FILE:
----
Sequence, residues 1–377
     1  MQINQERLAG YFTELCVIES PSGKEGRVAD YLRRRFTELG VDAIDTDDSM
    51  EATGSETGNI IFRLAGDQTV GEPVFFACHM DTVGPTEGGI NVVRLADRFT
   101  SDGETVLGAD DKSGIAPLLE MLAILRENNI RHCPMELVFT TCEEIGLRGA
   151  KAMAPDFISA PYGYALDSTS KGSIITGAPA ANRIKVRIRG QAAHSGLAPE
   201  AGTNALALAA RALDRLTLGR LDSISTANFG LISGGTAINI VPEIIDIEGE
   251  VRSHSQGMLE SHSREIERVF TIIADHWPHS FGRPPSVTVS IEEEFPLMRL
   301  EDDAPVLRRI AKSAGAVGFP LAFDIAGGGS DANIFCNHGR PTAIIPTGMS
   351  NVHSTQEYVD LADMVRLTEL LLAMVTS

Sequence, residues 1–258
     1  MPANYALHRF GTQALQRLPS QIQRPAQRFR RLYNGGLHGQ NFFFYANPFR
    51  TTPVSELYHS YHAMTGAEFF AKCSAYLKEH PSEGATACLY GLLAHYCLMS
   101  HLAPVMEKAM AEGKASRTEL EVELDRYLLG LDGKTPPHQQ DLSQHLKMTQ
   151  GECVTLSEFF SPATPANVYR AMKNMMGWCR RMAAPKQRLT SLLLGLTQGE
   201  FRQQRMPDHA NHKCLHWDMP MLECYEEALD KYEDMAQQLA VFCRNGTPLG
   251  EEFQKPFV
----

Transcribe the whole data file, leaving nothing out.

Sequence, residues 1–377
     1  MQINQERLAG YFTELCVIES PSGKEGRVAD YLRRRFTELG VDAIDTDDSM
    51  EATGSETGNI IFRLAGDQTV GEPVFFACHM DTVGPTEGGI NVVRLADRFT
   101  SDGETVLGAD DKSGIAPLLE MLAILRENNI RHCPMELVFT TCEEIGLRGA
   151  KAMAPDFISA PYGYALDSTS KGSIITGAPA ANRIKVRIRG QAAHSGLAPE
   201  AGTNALALAA RALDRLTLGR LDSISTANFG LISGGTAINI VPEIIDIEGE
   251  VRSHSQGMLE SHSREIERVF TIIADHWPHS FGRPPSVTVS IEEEFPLMRL
   301  EDDAPVLRRI AKSAGAVGFP LAFDIAGGGS DANIFCNHGR PTAIIPTGMS
   351  NVHSTQEYVD LADMVRLTEL LLAMVTS

Sequence, residues 1–258
     1  MPANYALHRF GTQALQRLPS QIQRPAQRFR RLYNGGLHGQ NFFFYANPFR
    51  TTPVSELYHS YHAMTGAEFF AKCSAYLKEH PSEGATACLY GLLAHYCLMS
   101  HLAPVMEKAM AEGKASRTEL EVELDRYLLG LDGKTPPHQQ DLSQHLKMTQ
   151  GECVTLSEFF SPATPANVYR AMKNMMGWCR RMAAPKQRLT SLLLGLTQGE
   201  FRQQRMPDHA NHKCLHWDMP MLECYEEALD KYEDMAQQLA VFCRNGTPLG
   251  EEFQKPFV